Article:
Archive for the ‘Poetry’ Category

Eye of the Hurricane

Posted: 02/01/2012 in Poetry, Writing
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Life has in no way passed me by –
I have always danced in the
Eye of the hurricane.
Caught in the pandemonium of that spiritual orbit
Nourished by the intensity
And the passion,
Doing it my way regardless of
The dictates of current methods.
Deep in the mysterious, ignites a fire
Bringing light –
I am family to blood, and I share its name
For I define my pleasures in expressions
Others see as pain.
Living life in the eye of the hurricane
Where no limits reign.
Few things pass one by one
And you learn that
To live life on the edge is to learn to fly.

© 2005 L. Tripaldi

She Laid Down

Posted: 07/08/2011 in Love, Poetry
Tags: , ,

She laid down
the waves came up high
crabs dance across the sand

She laid down
cones fell to the floor|
salamanders slide under logs

She laid down
a foot of snow fell on the hills
the hares coat changed to match

She laid down
the sun set for hours
the coyotes sang all night

She laid down
traffic grid  locked  in every direction
the lights came up on Broadway

She laid down
the plane leveled out at thirty thousand feet
three hours to Paris

She laid down
the world at her feet


Posted: 12/13/2010 in Poetry
Tags: , , ,
Winteringby Sylvia Plath
This is the easy time, there is nothing doing.
I have whirled the midwife’s extractor,
I have my honey,
Six jars of it,
Six cat’s eyes in the wine cellar,

Wintering in a dark without window
At the heart of the house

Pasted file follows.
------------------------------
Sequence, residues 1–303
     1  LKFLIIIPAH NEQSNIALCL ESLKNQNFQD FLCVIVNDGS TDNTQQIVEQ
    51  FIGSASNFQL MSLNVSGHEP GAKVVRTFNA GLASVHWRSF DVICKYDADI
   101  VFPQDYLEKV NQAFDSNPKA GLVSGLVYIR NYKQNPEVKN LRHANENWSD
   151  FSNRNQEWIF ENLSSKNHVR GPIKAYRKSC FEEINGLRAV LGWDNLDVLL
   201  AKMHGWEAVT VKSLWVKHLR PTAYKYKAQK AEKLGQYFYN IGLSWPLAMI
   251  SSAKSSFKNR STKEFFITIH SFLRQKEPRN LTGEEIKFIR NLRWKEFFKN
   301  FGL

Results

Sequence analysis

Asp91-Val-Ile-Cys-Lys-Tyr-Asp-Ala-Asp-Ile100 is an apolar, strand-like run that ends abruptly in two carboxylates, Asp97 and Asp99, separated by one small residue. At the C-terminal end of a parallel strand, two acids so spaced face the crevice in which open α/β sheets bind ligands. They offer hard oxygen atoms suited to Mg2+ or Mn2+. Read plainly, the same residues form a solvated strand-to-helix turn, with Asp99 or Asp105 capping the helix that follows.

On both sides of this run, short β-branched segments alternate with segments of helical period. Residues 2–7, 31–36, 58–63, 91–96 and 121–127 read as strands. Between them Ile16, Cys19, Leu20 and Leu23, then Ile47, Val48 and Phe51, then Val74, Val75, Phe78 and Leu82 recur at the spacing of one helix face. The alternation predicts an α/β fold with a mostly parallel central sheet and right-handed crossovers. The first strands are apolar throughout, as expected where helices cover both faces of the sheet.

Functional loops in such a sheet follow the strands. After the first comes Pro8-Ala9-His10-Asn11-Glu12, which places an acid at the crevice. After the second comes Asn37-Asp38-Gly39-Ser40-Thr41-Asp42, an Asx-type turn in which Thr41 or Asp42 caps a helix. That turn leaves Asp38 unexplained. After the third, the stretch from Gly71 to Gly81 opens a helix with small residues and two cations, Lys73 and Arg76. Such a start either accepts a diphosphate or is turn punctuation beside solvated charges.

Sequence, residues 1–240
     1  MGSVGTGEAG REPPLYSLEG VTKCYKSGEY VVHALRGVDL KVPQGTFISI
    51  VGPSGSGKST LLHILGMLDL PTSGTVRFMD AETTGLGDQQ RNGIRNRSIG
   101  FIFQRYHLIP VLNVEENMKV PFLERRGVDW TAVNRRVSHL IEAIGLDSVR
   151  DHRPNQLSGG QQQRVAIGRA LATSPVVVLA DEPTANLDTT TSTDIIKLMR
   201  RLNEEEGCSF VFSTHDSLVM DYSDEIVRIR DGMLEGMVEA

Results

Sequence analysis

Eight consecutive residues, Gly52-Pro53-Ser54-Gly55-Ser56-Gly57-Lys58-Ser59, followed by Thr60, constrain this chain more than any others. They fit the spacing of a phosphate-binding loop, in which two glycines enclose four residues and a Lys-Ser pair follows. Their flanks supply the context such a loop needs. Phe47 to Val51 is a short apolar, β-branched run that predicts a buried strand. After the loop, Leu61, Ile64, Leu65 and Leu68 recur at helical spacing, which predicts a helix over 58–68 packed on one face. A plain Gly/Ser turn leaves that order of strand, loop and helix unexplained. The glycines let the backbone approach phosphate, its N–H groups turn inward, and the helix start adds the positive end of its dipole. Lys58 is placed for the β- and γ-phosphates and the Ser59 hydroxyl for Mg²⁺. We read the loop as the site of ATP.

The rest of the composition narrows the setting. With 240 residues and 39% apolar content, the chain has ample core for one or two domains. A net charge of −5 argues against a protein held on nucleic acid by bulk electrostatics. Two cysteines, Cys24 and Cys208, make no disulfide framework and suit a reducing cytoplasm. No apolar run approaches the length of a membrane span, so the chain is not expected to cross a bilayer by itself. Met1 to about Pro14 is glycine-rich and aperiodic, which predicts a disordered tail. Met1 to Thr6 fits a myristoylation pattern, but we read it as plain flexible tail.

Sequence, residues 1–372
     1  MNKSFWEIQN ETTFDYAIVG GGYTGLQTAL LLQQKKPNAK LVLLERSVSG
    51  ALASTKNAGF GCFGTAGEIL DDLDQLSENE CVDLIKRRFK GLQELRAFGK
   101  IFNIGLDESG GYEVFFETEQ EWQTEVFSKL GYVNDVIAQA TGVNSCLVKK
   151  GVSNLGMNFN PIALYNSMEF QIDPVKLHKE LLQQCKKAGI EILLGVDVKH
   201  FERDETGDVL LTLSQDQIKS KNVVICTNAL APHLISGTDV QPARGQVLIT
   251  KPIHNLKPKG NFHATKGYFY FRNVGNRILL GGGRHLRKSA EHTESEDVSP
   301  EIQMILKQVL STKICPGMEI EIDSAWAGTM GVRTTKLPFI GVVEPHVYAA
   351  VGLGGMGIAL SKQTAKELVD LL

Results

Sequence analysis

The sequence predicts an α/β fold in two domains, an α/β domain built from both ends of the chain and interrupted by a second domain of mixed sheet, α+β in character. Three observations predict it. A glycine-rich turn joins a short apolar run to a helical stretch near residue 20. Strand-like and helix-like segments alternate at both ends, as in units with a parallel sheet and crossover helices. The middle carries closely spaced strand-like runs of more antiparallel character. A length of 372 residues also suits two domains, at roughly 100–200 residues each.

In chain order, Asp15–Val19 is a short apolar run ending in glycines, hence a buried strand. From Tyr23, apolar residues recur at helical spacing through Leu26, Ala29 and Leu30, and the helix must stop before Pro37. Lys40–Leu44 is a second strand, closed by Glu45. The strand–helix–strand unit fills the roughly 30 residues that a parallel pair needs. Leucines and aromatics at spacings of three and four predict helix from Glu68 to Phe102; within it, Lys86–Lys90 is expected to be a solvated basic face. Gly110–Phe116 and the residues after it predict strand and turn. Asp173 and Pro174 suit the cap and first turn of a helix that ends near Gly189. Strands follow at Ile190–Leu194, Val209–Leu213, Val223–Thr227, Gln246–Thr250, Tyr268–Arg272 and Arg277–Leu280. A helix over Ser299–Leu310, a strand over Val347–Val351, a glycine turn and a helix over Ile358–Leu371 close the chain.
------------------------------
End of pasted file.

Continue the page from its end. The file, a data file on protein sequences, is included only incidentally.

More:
Next to the last tenant’s rancid jam
and the bottles of empty glitters—
Sir So-and-so’s gin.

This is the room I have never been in
This is the room I could never breathe in.
The black bunched in there like a bat,
No light
But the torch and its faint

Chinese yellow on appalling objects—
Black asininity. Decay.
It is they who own me.
Neither cruel nor indifferent,

Only ignorant.
This is the time of hanging on for the bees—the bees
So slow I hardly know them,
Filing like soldiers
To the syrup tin

To make up for the honey I’ve taken.
Tate and Lyle keeps them going,
The refined snow.
It is Tate and Lyle they live on, instead of flowers.
They take it. The cold sets in.

Now they ball in a mass,
Mind against all that white.
The smile of the snow is white.
It spreads itself out, a mile-long body of Meissen,

Into which, on warm days,
They can only carry their dead.
The bees are all women,
Maids and the long royal lady.
They have got rid of the men,

The blunt, clumsy stumblers, the boors.
Winter is for women—
The woman, still at her knitting,
At the cradle of Spanish walnut,
Her body a bulb in the cold and too dumb to think.

Will the hive survive, will the gladiolas
Succeed in banking their fires
To enter another year?
What will they taste of, the Christmas roses?
The bees are flying. They taste the spring.